President Ma Ying-jeou (馬英九) yesterday discussed the significance of the nation’s railways as a historical and cultural asset, promising to promote railway culture to the world.
In an online show, Ma and railway expert Su Chao-hsu (蘇昭旭) discussed the history of Taiwan’s railway network, which began when then-Taiwan provincial governor Liu Ming-chuan (劉銘傳) began constructing 28.6km of track from Taipei to Keelung in 1887.
During the Japanese colonial era, the authorities continued to develop the railway network. By 1945, it covered more than 750km.
Ma said railways and trains represented the changes that Taiwanese society had underwent, becoming a collective memory of many Taiwanese.
“We should promote railway transportation as it is economic and energy-saving,” he said. “The history of railways should also be well-preserved and promoted because it carries great significance, culturally and historically.”
Su said many railways, such as the Alishan Forest Railway and wooden railway stations, have become popular tourist attractions.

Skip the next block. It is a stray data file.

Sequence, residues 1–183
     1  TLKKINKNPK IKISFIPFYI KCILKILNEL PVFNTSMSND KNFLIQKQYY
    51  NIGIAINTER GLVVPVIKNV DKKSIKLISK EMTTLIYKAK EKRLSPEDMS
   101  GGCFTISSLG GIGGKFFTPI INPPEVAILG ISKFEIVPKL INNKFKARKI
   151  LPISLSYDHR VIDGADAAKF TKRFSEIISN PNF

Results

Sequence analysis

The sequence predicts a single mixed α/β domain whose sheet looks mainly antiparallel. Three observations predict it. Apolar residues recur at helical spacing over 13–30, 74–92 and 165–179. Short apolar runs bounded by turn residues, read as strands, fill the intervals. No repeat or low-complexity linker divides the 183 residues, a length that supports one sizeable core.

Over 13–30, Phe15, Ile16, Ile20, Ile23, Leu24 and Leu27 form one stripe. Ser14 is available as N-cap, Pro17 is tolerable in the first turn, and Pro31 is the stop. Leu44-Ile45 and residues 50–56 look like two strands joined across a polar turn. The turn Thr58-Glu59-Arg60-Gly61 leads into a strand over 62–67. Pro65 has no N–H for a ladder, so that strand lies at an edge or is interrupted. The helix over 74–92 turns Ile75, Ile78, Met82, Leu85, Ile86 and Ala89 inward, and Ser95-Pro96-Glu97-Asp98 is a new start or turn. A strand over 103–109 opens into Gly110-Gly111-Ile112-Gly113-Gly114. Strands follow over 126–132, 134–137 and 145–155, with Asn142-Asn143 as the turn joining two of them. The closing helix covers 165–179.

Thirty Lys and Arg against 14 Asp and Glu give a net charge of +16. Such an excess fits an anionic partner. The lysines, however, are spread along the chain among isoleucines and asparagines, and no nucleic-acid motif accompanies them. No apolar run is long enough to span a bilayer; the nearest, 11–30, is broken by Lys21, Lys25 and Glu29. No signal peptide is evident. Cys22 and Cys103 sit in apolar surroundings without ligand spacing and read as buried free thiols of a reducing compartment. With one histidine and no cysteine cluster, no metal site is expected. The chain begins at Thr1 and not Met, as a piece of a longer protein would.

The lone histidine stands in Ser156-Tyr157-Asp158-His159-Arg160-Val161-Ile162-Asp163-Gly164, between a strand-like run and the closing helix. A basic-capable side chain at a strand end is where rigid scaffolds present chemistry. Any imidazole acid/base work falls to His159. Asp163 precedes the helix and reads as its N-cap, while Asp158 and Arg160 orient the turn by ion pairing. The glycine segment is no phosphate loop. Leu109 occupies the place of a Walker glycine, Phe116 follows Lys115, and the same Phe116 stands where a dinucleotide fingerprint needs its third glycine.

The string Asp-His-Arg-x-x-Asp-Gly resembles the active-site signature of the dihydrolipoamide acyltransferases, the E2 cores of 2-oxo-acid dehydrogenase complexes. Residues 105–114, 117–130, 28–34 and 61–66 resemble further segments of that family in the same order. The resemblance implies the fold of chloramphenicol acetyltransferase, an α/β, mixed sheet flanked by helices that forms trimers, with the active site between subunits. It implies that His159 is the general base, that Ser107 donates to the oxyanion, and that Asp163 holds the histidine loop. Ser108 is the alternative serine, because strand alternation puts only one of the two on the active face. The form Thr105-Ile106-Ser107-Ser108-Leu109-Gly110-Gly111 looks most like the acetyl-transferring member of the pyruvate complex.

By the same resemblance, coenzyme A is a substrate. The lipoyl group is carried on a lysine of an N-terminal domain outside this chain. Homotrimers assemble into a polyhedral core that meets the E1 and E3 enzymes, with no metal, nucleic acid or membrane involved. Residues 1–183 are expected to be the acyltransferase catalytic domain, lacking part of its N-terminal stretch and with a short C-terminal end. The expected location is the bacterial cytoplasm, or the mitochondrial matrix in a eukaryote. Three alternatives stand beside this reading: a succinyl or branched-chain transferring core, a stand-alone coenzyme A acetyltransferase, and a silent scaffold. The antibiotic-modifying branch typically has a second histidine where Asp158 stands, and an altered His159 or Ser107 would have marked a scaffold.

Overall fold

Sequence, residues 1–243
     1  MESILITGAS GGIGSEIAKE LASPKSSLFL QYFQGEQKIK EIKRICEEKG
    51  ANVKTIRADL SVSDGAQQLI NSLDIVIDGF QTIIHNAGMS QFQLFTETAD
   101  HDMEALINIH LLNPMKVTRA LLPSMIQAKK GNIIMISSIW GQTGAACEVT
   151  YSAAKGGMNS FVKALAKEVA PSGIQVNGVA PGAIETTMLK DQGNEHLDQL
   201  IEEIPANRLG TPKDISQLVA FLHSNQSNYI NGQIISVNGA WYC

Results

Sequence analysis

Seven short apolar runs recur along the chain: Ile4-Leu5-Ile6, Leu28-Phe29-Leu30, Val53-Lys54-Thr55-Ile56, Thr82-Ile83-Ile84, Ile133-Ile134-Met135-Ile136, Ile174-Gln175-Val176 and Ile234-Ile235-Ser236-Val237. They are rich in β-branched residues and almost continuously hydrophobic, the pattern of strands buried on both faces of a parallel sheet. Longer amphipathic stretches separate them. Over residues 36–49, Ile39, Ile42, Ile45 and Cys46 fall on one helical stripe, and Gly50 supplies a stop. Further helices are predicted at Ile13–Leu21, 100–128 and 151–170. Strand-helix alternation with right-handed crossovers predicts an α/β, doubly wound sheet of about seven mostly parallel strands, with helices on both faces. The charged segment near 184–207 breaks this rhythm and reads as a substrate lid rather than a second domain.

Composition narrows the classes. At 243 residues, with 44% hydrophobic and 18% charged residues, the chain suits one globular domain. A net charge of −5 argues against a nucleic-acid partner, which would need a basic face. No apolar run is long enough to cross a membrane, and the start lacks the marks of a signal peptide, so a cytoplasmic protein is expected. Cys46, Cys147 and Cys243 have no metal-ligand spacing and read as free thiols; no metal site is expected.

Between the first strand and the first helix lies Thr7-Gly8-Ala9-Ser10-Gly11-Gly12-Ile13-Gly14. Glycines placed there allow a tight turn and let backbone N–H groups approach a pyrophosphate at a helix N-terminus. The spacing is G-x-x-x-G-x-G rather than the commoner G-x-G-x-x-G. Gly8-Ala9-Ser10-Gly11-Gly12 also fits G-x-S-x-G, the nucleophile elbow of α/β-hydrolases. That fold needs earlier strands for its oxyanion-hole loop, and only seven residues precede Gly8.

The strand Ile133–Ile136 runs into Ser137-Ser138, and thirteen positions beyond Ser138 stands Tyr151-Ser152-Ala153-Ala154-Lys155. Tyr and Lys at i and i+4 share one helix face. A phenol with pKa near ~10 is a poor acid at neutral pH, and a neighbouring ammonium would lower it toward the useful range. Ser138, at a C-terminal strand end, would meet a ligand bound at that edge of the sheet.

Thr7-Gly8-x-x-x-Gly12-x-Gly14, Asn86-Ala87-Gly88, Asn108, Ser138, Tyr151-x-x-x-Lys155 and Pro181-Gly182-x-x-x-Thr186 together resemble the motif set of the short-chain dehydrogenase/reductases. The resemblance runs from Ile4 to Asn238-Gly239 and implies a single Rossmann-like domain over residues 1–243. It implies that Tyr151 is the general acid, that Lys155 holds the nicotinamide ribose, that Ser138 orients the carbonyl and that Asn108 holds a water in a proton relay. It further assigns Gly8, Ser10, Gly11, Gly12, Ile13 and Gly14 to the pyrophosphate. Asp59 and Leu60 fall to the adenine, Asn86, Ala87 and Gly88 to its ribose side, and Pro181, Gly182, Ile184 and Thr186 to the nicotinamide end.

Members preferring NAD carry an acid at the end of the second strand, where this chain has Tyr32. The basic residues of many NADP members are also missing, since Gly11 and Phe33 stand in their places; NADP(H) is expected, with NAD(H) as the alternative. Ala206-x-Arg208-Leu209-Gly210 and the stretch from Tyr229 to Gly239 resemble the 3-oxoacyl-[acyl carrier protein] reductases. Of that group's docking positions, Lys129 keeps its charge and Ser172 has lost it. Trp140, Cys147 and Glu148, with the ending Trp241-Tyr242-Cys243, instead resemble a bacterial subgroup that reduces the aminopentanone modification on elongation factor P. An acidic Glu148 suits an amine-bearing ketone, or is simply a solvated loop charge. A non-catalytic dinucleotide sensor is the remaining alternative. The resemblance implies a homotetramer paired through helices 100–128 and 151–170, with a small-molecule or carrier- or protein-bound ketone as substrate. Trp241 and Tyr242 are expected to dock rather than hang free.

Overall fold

The Alishan Forest Railway system has also become a “sister railway” with Japan’s Oigawa Railway system, Su said.
“The government should put more effort into railway diplomacy and promote railways as significant cultural and historical assets,” he said.
Ma said that railways and trains could play a role in the nation’s cultural exchanges with other countries, and the government and civic groups should work together to promote and preserve Taiwan’s railway culture.
Ma’s weekly online program, launched in July 2009, came to an end yesterday.
Presidential Office spokesman Fan Chiang Tai-chi (范姜泰基) said Ma would continue to communicate with the public via his Facebook page and online venues.